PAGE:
up down

The Glass Ceiling Shouldn’t be Thicker for Mothers

17 Dec, 2021 KDIS News Center 1,630

Can you tell us a little about yourself (e.g., where you are from, your work experience and sector – please indicate that you have two daughters so we can link this question with the others)?

My name is Alister Memory Kambamura from Zimbabwe, Southern Africa. I am currently pursuing my master’s degree in development policy here at KDI School, with a double concentration in sustainable development and international development. Moreover, I am an economist by profession, being employed by the Ministry of Finance as a principal economist. I have been working in this position for 10 years. I am a married woman with two beautiful daughters.


Everyone at KDIS has been separated from their loved ones when coming all the way to Korea to pursue their graduate degree. In your case, you also have been separated from your two daughters. Was it difficult to make the decision to come here? What has been the toughest part of your journey?

The decision to come here was very difficult to make given the distance and time for which I would be away. The uncertainty caused by the pandemic likewise made this a tough decision. While coming here was a positive move for me, as I could enhance my academic skills, in turn enabling me to progress my career, the idea of leaving my family for such a long time caused me considerable anxiety. I was unsure whether my family would be able to cope without me and how I would cope on my own.


In your country, how easy or difficult is it for women with kids to attend graduate school abroad? In your personal experience, what helped you make this decision (e.g., support from your family, husband, etc.)?

Women in my country are managing to pursue their academic journeys worldwide regardless of their family status. What is most important is having a strong support system in the form of your family, as in my case. My husband and my other family members worked together to ensure the kids would not be too greatly affected by my absence.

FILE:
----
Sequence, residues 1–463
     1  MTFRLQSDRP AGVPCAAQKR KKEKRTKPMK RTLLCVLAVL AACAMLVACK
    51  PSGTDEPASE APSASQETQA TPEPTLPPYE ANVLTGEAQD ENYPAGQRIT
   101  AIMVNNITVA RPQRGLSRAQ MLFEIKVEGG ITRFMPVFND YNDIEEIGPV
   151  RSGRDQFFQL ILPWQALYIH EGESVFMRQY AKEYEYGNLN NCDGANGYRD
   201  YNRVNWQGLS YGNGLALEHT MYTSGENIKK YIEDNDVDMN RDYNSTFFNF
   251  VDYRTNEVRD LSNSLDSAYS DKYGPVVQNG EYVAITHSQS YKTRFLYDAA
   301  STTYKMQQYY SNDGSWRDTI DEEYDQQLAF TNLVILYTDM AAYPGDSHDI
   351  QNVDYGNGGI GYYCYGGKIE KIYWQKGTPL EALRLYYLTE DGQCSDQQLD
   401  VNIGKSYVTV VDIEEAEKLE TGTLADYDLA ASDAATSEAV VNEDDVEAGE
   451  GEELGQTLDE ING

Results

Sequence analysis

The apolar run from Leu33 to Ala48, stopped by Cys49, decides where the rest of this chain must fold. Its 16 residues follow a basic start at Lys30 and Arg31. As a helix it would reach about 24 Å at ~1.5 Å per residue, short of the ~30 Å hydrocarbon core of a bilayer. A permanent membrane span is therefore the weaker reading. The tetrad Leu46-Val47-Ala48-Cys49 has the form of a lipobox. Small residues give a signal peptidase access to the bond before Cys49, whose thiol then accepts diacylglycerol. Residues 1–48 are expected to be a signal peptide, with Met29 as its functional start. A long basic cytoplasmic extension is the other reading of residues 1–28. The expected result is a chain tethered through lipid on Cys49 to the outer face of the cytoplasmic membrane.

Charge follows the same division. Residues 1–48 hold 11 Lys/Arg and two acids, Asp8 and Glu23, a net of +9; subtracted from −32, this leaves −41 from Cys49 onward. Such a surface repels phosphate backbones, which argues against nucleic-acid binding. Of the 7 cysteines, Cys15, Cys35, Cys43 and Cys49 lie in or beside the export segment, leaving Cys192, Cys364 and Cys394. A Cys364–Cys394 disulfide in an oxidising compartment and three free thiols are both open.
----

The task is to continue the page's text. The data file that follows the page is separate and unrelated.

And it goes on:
For other prospective students who also have kids and are planning to come to KDIS, could you share how you maintained your family bonds despite the distance?

Constant communication is key to keeping the family together despite the long distance. Today, thanks to technology, communication is easier, as it can be done through the use of various devices. Despite the time difference and school pressure, I devote some of my spare time to talking to my family and sharing important moments so that my absence is not felt.


What advice or remarks you would give to others who are thinking about applying to KDIS but are hesitating because they have children (e.g., you can say that your kids are also learning from this experience, that you settled on this decision once they grew up a bit, etc.)?

As a parent, it is always difficult to be separated from your loved ones, but in making this decision, I considered the wider picture. The overall gain from the experience, whereby you can create a better future for your children, is a point of strength. The entire experience is a learning opportunity for both your kids and you, the parent. When deciding to apply, it is most important to ensure that you have a strong support system and are selecting the proper time for this journey – for example, based on the age of your kids, etc. Additionally, you could take advantage of shorter programs, finishing your studies before you know it!


Now that you are completing your studies, do you believe the journey has been worthwhile?

This has been an amazing experience. The program has provided me with an opportunity to develop my capacity to design and implement economic and social policies and further improve my research skills as the key attributes to making informed and evidence-based policy decisions. Furthermore, I managed to discover and learn more about divergent cultures and traditions from across the globe. This experience enabled me to develop my professional and interpersonal skills, which will be key in my career progression. Being exposed to various professions, cultures, and languages has helped me to broaden my knowledge beyond the vision of a single nation.